4) Bic Cristal "For Her" pens
Incredible Bic for Her energy steaming off this podcast coverage in a major culture magazine. pic.twitter.com/5tsxrqjDSD— Eleanor McDowall (@Ellie_McDowall) June 9, 2022
In 2022, it's clear to see why a product like this wouldn't do so well. You can't just color something pink and say it's for women.
And in case you need further explanation: women don't need special pens to write. But that was the implication of the “For Her” pen range.
The ridiculous part is that many people would buy pink pens — just like they buy pens of all colors. It might turn out that the majority of pink pens are bought by women — but even if that were the case, this was not the right approach.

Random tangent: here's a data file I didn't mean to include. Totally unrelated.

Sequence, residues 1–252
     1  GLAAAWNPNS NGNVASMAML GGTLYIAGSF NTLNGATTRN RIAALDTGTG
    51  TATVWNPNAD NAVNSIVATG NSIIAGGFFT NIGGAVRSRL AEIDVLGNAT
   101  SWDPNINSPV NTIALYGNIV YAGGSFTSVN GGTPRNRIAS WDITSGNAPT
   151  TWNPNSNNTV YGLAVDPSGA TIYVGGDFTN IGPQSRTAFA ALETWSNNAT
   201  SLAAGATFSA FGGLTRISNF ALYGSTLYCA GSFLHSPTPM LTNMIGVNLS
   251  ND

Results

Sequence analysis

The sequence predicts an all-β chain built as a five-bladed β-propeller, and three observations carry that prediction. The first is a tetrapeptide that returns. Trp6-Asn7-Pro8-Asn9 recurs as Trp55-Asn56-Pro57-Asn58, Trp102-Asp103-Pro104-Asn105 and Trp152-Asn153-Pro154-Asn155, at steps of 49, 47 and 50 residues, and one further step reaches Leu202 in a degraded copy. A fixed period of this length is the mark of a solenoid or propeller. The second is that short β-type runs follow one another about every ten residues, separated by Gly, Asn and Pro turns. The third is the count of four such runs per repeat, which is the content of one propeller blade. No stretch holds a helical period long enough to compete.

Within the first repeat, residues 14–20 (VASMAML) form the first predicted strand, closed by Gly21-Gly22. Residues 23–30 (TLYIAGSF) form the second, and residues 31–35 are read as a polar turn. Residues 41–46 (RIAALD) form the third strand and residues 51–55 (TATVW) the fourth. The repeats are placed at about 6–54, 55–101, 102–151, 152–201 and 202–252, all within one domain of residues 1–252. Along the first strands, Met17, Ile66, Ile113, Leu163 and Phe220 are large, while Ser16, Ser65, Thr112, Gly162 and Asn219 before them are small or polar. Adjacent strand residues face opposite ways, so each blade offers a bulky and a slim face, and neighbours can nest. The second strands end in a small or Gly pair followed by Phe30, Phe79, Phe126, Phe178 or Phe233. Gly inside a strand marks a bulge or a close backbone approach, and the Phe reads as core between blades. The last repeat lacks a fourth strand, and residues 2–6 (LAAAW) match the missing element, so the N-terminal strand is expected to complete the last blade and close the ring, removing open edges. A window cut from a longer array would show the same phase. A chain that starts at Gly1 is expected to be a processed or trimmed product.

It almost implies that women shouldn't be using ordinary pens and that there's a definite divide between the genders when it comes to pen usage. Some products can be gendered, of course (like clothing and health products, for example) — just not pens.
After its launch in 2012 and subsequent backlash, the product was swiftly canceled.
What we can learn from this failure:
Consumer brands like this shouldn't be prescriptive; they should offer choice. Let people make their own decisions about whether the product is right for them. If you're aiming at a particular demographic and think they're the perfect consumer — you don't have to explicitly state it. You can reach them through their preferred marketing channels and show images of them using the product, for example.
The world of gender in product marketing has really shifted in recent years, as we explore in our piece on gender-neutral marketing.